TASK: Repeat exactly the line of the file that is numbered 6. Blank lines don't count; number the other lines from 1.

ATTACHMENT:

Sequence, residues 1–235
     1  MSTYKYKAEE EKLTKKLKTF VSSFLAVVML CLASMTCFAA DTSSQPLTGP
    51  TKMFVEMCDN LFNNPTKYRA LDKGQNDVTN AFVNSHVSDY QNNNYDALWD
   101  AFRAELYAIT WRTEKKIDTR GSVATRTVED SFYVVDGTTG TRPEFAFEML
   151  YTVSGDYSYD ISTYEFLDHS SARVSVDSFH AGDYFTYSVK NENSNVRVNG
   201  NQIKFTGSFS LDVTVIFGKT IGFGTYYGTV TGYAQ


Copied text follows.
   201  NQIKFTGSFS LDVTVIFGKT IGFGTYYGTV TGYAQ